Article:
INTRODUCTION TO PHYSICAL METALLURGY - 2017/8

Module code: ENGM099

Module provider

Mechanical Engineering Sciences

Module Leader

WHITING MJ Dr (Mech Eng Sci)

Number of Credits

15

ECT Credits

15

Framework

FHEQ Level 7

JACs code

J200

Module cap (Maximum number of students)

N/A

Module Availability

Semester 2

Overall student workload

Independent Study Hours: 120

Lecture Hours: 18

Tutorial Hours: 8

Assessment pattern

Assessment type Unit of assessment Weighting
Coursework SUMMATIVE COURSEWORK: SHORT ANSWER QUESTIONS + LONG ANSWER QUESTION 40%
Coursework SUMMATIVE COURSEWORK: SHORT ANSWER QUESTIONS + LONG ANSWER QUESTION 60%

Alternative Assessment

A written examination may be set for students who have failed the coursework assessments and are resitting the assessment in the same academic year.  

Prerequisites / Co-requisites

N/A

Module overview

The module provides a systematic overview of the central principles of physical metallurgy. Students successfully completing the module will have a critical awareness of the key principles of metallurgy relevant to exploiting structural alloys in engineering applications.

 

Module aims

The centrality of the concepts of thermodynamics and kinetics in physical metallurgy and phase transformations

Binary equilibrium phase diagrams as a tool in understanding the thermodynamics of alloy systems

The use of transformation (isothermal and continuous cooling) diagrams as a tool in following (i) the kinetics of phase transformations and (ii) the development of alloy microstructure

The most common phase transformations that occur in commercial alloys

The principles of thermodynamics and kinetics, and their application, to a representative selection of real alloy systems

The nature of defects in metallic systems and their role in determining engineering properties

The concept of microstructure and its relationship to processing and properties of alloys.

Learning outcomes

Attributes Developed
Describe and comment on the basic principles of the thermodynamics and kinetics of phase transformations. KC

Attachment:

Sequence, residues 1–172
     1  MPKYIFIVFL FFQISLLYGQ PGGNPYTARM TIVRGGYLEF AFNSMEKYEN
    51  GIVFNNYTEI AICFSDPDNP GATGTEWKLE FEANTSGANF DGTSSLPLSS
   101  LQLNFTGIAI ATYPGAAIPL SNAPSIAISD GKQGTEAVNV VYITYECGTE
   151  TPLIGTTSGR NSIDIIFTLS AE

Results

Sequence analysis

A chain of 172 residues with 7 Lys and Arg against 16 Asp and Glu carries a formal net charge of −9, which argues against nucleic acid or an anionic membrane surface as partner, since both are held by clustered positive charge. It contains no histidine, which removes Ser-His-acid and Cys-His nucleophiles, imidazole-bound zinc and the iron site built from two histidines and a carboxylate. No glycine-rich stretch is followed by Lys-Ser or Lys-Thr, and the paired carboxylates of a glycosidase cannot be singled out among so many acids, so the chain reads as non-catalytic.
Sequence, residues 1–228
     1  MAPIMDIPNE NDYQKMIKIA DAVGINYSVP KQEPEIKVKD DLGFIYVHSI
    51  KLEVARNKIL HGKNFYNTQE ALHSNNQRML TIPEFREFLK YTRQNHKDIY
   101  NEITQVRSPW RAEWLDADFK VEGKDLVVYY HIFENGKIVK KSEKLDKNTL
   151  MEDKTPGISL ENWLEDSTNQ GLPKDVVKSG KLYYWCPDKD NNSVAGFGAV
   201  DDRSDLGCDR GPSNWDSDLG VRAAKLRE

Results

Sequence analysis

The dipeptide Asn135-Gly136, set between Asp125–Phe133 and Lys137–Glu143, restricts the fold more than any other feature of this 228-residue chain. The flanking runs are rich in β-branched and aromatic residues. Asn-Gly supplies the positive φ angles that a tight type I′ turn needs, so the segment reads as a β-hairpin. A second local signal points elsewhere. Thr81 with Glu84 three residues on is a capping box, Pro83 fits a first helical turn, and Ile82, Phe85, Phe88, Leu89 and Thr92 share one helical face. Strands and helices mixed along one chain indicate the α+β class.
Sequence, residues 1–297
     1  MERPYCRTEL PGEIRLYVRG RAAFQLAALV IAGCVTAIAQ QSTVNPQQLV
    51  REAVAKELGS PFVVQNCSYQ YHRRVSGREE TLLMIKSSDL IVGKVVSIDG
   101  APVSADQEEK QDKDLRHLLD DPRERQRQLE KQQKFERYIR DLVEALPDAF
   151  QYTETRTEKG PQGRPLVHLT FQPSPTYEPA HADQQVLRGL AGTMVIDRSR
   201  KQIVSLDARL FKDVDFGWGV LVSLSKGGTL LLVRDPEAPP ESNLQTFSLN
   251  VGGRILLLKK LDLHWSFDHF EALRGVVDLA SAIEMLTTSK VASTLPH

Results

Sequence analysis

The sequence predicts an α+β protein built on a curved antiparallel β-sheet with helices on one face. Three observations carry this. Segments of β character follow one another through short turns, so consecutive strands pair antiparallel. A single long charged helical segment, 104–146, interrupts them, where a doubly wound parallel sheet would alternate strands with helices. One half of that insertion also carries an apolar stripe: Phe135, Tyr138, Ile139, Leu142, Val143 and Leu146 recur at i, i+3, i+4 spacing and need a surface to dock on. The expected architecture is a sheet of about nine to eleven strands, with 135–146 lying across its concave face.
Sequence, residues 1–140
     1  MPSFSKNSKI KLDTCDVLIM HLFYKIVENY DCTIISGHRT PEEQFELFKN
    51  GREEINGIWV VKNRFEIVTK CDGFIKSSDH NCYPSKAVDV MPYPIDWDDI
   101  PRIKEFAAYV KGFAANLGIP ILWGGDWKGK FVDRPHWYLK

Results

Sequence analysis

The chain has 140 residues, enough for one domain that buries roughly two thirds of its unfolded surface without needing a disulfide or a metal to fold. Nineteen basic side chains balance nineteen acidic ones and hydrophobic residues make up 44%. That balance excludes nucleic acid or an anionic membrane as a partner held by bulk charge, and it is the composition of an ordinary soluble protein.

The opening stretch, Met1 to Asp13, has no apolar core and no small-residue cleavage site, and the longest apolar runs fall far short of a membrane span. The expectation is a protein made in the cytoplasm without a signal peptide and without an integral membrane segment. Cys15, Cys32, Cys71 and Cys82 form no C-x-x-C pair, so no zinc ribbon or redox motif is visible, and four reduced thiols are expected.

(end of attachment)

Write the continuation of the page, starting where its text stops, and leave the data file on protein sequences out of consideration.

Demonstrate an understanding of how phase transformations determine microstructure. KC
Demonstrate an understanding of how specific principles of thermodynamics and kinetics underpin materials ‘problems'. KC
Demonstrate an understanding of the underlying issues through the appropriate interpretation of assessment questions. KCT

Attributes Developed

C - Cognitive/analytical

K - Subject knowledge

T - Transferable skills

P - Professional/Practical skills

Module content

Indicative content: the course includes lectures and tutorials on:


The thermodynamic basis of phase diagrams
Binary equilibrium phase diagrams and their use in predicting alloy constitution and microstructure
Isothermal and continuous cooling transformation diagrams and their use in predicting microstructure
Characterisation of microstructures
Solid-state diffusion
The liquid to solid transformation
Precipitation in the solid state
The classification of phase transformations as diffusional and displacive
The pearlitic, bainitic and martensitic transformations
Microstructure, processing and property relationships (with an emphasis on ambient temperature strengthening mechanisms)
Point, line and planar lattice defects
Micro and macro defects
Cold work, recovery, recrystallisation and grain growth
The role of dislocations in strengthening mechanisms
An introduction to the physical metallurgy of high-strength wrought aluminium alloys
An overview of titanium alloys
An introduction to martensitic, stainless and maraging steels.


 

Methods of Teaching / Learning

The learning and teaching strategy is designed to introduce the fundamentals of physical metallurgy through lectures and tutorials.

The learning and teaching methods include:


19 hours lectures
9 hours tutorial classes
122 hours coursework.


The teaching is delivered as a one-week intensive course.

 

Assessment Strategy

The assessment strategy:

Set of short questions covering the entire syllabus which require demonstration of an understanding of the underlying issues relevant to a wide range of issues in, and aspects of, physical metallurgy. The long questions require extensive research to identify and integrate information on an issue central to the understanding and use of alloys in an engineering context. The research is based on information from self-determined sources and an understanding of the core principles covered in the taught material.

Summative assessment and formative feedback

·         Q1 (4 x short answer) + Q2 (long answer question)

[Learning outcomes 1-5]        (45 hours)        Mon/Tues 2 weeks after end of course {40%}

·         Q3 (6 x short answer) + Q4 (long answer question)

[Learning outcomes 1-5]        (75 hours)        Mon/Tues 6 weeks after end of course {60%}

·         Formative verbal feedback is given in lectures and tutorials.

·         Written feedback is given on the first assessment coursework (Q1 & Q2), which is submitted in advance of the final summative assessment.

Reading list

Reading list for INTRODUCTION TO PHYSICAL METALLURGY : http://aspire.surrey.ac.uk/modules/engm099

Please note that the information detailed within this record is accurate at the time of publishing and may be subject to change. This record contains information for the most up to date version of the programme / module for the 2017/8 academic year.